But Romney himself did not name any specific provisions of the law when he was asked why he opposed it at a July 6 press availability in New Hampshire.
"I'll give you more detail as the campaign goes on, but this bill was too overreaching and too massive and has contributed to a slowdown in lending," he said.
Rep. Michele Bachmann (R-Minn.) and former Minnesota Gov. Tim Pawlenty both want, like Gingrich, to repeal the Dodd-Frank legislation in one stroke.
One private equity executive who is intimately familiar with the details of Dodd-Frank scoffed at the level of the conversation among the GOP candidates.
"They haven't been told what to say yet," he said, noting that as the campaign heats up, certain "buckets" of the law, such as the Consumer Financial Protection Bureau, might come into the candidates' crosshairs.
Jim Rickards, an investment banker and risk manager at Omnis Inc., agreed.
"Most of Dodd-Frank is a little too technical for the candidates at this stage," Rickards said by email. "It's the ultimate insider game and does not really resonate in terms of the presidential race."
So for now, most of the artillery aimed at the sweeping law is coming from Capitol Hill and K Street.
There are currently about two dozen laws under consideration in Congress to dismantle parts of Dodd-Frank, Republicans are holding up nominations to agencies with key roles in implementing the law and trying to withhold federal funding for those purposes, and as much as $50 million in lobbying fees has been spent so far this year to change or influence the law, according to The New York Times.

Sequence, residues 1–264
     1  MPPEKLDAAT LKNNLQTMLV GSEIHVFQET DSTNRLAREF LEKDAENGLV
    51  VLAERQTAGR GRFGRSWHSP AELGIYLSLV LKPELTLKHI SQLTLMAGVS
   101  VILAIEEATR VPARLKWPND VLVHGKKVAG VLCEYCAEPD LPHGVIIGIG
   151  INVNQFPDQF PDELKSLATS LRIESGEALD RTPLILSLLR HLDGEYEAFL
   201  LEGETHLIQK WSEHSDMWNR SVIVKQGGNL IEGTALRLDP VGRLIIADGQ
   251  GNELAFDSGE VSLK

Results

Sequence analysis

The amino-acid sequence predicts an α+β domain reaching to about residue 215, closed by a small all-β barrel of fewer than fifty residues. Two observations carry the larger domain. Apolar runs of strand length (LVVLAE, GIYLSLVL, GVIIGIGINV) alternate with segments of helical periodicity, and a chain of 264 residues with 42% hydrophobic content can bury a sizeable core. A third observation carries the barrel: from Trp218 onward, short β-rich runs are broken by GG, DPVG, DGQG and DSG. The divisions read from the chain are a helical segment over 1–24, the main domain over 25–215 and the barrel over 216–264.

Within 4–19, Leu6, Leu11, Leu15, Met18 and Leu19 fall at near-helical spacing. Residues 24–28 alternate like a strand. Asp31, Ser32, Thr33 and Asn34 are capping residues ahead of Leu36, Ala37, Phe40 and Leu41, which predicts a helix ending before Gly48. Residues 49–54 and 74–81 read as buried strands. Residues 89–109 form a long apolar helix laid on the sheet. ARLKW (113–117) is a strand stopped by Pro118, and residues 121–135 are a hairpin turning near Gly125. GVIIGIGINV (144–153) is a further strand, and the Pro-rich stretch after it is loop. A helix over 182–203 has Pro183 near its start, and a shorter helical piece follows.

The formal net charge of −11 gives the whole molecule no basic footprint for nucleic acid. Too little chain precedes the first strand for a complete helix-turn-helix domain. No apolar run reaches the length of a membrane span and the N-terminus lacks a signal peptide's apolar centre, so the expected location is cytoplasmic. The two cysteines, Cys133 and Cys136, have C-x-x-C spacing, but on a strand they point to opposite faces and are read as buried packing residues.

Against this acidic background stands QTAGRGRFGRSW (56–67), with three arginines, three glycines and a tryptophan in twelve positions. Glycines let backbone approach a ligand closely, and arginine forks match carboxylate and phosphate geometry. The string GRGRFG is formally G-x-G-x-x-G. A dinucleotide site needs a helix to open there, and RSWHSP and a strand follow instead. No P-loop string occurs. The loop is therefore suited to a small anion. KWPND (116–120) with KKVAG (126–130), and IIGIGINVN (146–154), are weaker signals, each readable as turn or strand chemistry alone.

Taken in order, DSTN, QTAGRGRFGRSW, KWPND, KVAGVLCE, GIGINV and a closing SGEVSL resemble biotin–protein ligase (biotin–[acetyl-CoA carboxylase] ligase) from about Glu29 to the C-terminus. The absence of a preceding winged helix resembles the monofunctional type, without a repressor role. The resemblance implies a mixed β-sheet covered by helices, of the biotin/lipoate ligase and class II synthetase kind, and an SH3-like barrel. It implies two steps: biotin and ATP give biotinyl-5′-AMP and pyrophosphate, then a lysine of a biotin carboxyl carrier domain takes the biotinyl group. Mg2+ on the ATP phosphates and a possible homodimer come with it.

"The Hill action has been driven by lobbyists and revolves around highly arcane things like swipe fees and consumer regulation (important financially but way too inside for national politics) or even more technical things like proprietary trading, swap risk, etc," Rickards wrote.
Treasury Secretary Tim Geithner wrote in a Wall Street Journal op-ed Wednesday that "many of those who fought reform during the legislative process are now trying to slow down and weaken rules, starve regulatory agencies of resources, and block nominations so that they can ultimately kill reform."
"We will not let that happen," Geithner wrote.